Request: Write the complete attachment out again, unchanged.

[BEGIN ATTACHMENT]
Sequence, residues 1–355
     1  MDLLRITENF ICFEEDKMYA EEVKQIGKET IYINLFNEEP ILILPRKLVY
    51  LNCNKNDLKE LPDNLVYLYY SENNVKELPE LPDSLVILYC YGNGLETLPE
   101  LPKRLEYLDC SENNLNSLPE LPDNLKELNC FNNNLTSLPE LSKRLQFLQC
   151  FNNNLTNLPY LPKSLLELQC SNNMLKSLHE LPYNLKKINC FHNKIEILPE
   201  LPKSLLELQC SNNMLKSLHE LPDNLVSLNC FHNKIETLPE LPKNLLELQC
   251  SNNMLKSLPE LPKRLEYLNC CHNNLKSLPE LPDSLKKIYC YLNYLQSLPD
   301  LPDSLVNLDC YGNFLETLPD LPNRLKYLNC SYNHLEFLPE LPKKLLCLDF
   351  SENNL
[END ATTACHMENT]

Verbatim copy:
Sequence, residues 1–355
     1  MDLLRITENF ICFEEDKMYA EEVKQIGKET IYINLFNEEP ILILPRKLVY
    51  LNCNKNDLKE LPDNLVYLYY SENNVKELPE LPDSLVILYC YGNGLETLPE
   101  LPKRLEYLDC SENNLNSLPE LPDNLKELNC FNNNLTSLPE LSKRLQFLQC
   151  FNNNLTNLPY LPKSLLELQC SNNMLKSLHE LPYNLKKINC FHNKIEILPE
   201  LPKSLLELQC SNNMLKSLHE LPDNLVSLNC FHNKIETLPE LPKNLLELQC
   251  SNNMLKSLPE LPKRLEYLNC CHNNLKSLPE LPDSLKKIYC YLNYLQSLPD
   301  LPDSLVNLDC YGNFLETLPD LPNRLKYLNC SYNHLEFLPE LPKKLLCLDF
   351  SENNL